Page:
With the NFL Draft kicking off last night, I got to thinking about the excitement and anticipation that each of these NFL-bound college stars are experiencing this weekend. Listening to some of the stories these men shared – personal health scares, parents’ illnesses, poor upbringings – and having read about the sheer volume of tragedy that Clemson’s own 2013 first-rounder (in case you missed it, DeAndre “Nuk” Hopkins was the #27 pick, chosen by the Houston Texans) – it hasn’t always been an easy road to success. The one thing that I find so impressive about these men, that rings true with so many elite athletes: their positive attitudes and their incredible determination to be the best at their position and at their sport.
Though most elite athletes are born with an innate and natural talent, they have to put in the same time and hard work that us “normal” people do to find success. But the one component that both the elite athlete and the weekend warrior do have in common? The mental element. It really does play a big part in not only wanting to succeed, but envisioning yourself as a success. Not only thinking you can be stronger, or faster, or better … but knowing you will be.
By this time of the year, many a casual exerciser has thrown in the towel. They got bored. They got busy. They weren’t seeing the results they wanted. They did see the results they wanted (just a heads up on that one: putting the weight back on is easier than taking it off … again). If you met your goals, great. It’s time to start working towards a new one. If you didn’t, why did you give up? Elite athletes don’t stay elite by being satisfied by what they’ve accomplished – they find the little things they can make even better. They don’t give up because they miss a catch, or come in last, or lose a game – the pick up, dust off, and think about what went wrong, and how to make it right next time.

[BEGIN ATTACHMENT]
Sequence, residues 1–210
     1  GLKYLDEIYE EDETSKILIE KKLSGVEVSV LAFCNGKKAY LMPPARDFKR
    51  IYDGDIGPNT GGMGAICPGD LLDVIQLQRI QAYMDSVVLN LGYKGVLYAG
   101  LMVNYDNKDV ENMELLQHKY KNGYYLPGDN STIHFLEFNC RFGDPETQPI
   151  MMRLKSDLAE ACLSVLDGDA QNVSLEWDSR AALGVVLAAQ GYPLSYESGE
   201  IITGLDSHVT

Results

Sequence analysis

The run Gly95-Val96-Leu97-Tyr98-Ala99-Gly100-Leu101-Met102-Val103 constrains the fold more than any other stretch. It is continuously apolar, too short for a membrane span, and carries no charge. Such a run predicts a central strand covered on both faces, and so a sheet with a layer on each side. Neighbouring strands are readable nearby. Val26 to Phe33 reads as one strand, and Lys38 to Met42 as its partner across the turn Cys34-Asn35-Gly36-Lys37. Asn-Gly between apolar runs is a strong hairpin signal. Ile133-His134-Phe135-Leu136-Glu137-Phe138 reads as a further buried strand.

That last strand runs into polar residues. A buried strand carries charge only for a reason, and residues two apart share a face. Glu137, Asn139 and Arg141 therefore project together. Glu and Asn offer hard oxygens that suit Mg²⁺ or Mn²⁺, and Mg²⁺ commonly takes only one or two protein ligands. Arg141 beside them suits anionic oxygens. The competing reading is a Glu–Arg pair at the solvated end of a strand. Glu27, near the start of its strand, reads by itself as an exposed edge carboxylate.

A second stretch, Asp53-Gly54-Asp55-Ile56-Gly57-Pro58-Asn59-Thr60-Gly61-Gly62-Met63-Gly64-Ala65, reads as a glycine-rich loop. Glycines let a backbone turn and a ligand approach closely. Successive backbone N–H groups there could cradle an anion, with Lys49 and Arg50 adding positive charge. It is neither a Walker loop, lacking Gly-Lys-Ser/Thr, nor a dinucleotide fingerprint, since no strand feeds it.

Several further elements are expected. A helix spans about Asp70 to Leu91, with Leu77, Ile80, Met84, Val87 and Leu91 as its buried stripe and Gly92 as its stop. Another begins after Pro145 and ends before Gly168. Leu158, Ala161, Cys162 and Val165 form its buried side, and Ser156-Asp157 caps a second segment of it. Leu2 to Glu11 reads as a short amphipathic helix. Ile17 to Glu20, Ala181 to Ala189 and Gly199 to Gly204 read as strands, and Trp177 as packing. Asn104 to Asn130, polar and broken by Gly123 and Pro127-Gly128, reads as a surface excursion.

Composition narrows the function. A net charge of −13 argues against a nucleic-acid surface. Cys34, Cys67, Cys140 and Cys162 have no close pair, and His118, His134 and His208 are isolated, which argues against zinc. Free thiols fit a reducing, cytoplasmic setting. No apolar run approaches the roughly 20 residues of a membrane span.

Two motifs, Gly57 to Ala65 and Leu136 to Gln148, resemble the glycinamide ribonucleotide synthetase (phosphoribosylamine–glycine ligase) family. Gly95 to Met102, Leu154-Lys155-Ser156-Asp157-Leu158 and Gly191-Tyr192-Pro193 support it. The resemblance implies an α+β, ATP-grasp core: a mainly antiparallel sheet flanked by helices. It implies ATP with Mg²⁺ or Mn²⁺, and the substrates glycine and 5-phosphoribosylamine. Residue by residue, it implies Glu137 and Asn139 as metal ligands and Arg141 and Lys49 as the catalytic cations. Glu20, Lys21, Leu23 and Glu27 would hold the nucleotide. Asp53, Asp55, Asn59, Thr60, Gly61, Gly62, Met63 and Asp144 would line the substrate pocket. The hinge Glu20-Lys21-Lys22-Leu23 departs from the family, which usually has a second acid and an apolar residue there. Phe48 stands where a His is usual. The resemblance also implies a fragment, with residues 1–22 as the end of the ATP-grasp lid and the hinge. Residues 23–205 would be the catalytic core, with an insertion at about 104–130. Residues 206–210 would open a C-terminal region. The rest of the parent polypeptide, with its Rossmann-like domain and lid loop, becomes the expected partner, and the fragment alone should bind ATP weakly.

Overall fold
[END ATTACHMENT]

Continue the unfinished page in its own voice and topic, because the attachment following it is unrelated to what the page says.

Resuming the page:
It’s easy, too, to let the “stuff” of everyday life get in the way. But if you pay attention to sports, you see the struggles and the tragic stories that many of these elite athletes – people many grown adults admire and children look up to, even idolize – and they still come out on top. It’s not because they are lucky (for the most part). It’s not because they are rich (some of the greatest players have come from nothing). It’s because they recognize their talent, and they do what it takes to help ease the pain in their lives. Though many of the wrongs in life can’t be righted, and many of the struggles can’t be forgotten, and disease and injury doesn’t always go away, they don’t let their misfortunes bring them down. They use them as motivation. A source of fire. A reason to be not only the best they can be – but the best, period.
Bottom line, if you’re in a rut, or on the brink of giving up (or already have), check your attitude – a little positive thinking goes a long way. Check your head – it will try to tell you that you can’t do something your body is very capable of doing … so don’t let those negative thoughts hold you back. And perhaps most importantly, let the bad situations fuel you. A good workout should be a release … and on those worst days, the harder you push, the better you will feel when you’re done.
Now, on to the second and third round today … and the question being, where will Andre Ellington end up playing next fall (we should – hopefully – find out this evening)?